In the past couple of months, we’ve written about like-kind exchanges (also called the IRS 1031 swap) as well as the tax benefits associated with one. An exchange of like-kind occurs the case when a taxpayer who has an investment property decides to sell it, using an approved intermediary, and purchase a replacement property within a brief period of time.
In addition, since a lot of investment properties in the real estate market are owned by an LLC rather than owned by an individual There are a lot of questions on what you can do to make an exchange under 1031 with an LLC. This brief guide will guide you through the different rules and procedures to use an LLC for a 1031 exchange.
Can A Single Member Of An LLC Be Able To Perform The 1031 Exchange
A limited liability company with a single member is usually formed to ensure that the sole who is the owner of the corporation is not personally accountable or accountable for the entity’s transactions. The person who owns the LLC is called an individual member for tax and legal reasons. Although the member is the sole owner of the LLC, a single-member LLC is required to comply with all necessary filings required for business registration in their specific state to be considered to be a valid LLC.
In answer to our query the single-member LLC can conduct an exchange of 1031. If you’re the sole owner of an uni-member LLC then you won’t face problems if you’re the sole person who buys the replacement property. In addition in states with community property the married couple that are the sole members of an LLC is considered to be a single-member LLC for exchange purposes under 1031.
What Are The Steps To Be Taken By A Single-Member LLC To Participate In The 1031 Exchange?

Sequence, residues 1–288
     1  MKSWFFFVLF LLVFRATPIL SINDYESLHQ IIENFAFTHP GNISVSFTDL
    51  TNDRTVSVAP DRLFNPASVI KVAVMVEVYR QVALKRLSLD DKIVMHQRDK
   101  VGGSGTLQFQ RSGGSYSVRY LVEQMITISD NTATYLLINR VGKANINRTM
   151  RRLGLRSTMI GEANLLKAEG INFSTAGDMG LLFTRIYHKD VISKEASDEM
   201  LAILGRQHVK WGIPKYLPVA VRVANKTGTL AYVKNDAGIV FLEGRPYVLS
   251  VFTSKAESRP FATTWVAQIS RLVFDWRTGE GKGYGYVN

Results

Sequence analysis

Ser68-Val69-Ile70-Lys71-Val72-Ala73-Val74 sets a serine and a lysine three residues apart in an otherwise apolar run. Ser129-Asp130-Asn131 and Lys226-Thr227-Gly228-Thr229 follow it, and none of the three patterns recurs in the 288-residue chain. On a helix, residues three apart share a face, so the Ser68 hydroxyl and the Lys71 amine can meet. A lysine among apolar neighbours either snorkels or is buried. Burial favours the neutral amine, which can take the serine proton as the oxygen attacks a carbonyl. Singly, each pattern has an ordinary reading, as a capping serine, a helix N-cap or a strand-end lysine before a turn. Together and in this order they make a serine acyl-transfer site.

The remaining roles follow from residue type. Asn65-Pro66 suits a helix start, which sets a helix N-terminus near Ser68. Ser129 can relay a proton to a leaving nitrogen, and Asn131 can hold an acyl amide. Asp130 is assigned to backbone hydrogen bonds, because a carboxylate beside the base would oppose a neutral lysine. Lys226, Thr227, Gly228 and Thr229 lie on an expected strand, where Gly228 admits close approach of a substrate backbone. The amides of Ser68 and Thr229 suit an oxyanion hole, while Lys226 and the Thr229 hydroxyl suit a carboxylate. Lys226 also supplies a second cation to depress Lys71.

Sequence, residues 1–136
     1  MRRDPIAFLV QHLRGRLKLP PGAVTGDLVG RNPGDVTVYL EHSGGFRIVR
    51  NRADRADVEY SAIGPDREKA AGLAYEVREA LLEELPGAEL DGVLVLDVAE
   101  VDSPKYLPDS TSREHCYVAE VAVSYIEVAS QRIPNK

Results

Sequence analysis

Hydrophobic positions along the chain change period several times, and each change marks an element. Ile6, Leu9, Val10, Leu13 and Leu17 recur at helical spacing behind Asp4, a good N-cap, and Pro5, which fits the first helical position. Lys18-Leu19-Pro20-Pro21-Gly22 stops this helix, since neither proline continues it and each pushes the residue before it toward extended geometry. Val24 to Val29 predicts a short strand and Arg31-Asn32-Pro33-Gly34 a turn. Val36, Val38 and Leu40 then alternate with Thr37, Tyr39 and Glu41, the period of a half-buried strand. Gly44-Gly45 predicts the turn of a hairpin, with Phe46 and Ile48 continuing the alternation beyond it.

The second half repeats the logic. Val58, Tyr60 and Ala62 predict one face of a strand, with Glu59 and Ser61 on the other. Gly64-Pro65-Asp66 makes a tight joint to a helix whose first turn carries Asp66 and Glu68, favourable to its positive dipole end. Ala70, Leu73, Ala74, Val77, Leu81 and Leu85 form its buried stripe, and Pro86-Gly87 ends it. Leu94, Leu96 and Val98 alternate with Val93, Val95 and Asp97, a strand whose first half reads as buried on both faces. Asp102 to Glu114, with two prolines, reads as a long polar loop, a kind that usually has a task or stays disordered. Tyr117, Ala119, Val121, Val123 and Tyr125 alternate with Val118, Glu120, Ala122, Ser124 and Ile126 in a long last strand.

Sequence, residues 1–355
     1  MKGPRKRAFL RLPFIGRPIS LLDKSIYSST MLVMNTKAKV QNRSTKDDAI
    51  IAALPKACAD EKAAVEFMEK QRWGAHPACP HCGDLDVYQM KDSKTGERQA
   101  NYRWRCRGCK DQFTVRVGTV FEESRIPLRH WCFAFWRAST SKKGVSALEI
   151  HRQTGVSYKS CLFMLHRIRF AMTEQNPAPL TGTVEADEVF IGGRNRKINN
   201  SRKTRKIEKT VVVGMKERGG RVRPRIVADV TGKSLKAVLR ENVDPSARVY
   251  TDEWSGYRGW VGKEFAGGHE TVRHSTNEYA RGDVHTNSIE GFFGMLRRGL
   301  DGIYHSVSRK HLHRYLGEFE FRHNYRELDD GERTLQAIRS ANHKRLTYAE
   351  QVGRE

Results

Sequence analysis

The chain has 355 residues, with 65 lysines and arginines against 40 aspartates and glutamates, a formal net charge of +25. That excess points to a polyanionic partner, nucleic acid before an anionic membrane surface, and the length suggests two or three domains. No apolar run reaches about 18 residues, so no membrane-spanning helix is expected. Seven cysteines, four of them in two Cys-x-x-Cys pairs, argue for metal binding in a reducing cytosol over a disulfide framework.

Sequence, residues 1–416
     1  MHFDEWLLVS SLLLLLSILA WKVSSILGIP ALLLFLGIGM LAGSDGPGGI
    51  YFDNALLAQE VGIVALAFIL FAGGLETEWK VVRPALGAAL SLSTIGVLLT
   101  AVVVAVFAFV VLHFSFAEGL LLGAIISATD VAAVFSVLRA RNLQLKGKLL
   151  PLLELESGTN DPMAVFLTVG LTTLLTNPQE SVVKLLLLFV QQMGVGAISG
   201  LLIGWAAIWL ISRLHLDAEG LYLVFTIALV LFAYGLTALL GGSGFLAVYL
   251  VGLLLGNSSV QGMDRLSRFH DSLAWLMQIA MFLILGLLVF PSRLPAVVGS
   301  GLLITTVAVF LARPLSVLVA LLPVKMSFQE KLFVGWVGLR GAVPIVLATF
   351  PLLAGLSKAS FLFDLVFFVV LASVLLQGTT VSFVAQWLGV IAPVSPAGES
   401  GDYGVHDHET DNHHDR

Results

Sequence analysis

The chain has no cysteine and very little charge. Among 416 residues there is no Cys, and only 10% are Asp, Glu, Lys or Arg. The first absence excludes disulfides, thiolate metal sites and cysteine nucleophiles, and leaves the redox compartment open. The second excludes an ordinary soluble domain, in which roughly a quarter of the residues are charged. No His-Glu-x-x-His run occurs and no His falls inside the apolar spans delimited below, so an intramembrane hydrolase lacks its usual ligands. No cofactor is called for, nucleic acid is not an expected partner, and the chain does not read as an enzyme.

In accordance with SS301.7701-(3)(b)(1) in the Treasury regulations A single-member LLC is considered to be an entity disregarded for tax reporting. This is to say that an LLC owner is the proprietor of all real estate acquired by the LLC. This also permits individuals who own the property originally to sell it in a 1031 swap to create an uni-member LLC to acquire the new real estate during the exchange, but without taking the transaction out of the 1031 exchange guidelines.
Can A Partnership LLC Perform A 1031 Exchange?
A number of frequent queries posed by a certified intermediary is the one that some or all of the members or partners of a limited liability partnership (LLC) or partnership would like to make the exchange of 1031s and other just want to withdraw their funds.
As we’ve observed over the past couple of decades, partnerships create significant issues for partners as well as their tax consultants. Partnerships aren’t allowed to dispose of or sell their share of the partnership, and later delay paying their capital gains taxes by purchasing similar property in exchange for the 1031 Tax Deferred Exchange transaction.
Partnership interests are excluded from the 1031 Exchange exemption according to Section 1031 in the Internal Revenue Code. The partnership interests constitute personal property and cannot be considered to be comparable to the purchase of real property regardless of the fact that the assets in the partnership actually constitute real property.
However, an LLC or a partnership (or any other entity , for that matter) can make an exchange of 1031 at the level of an entity, which means that the whole partnership surrenders an asset, while the partnership is still in place and can purchase the property in exchange.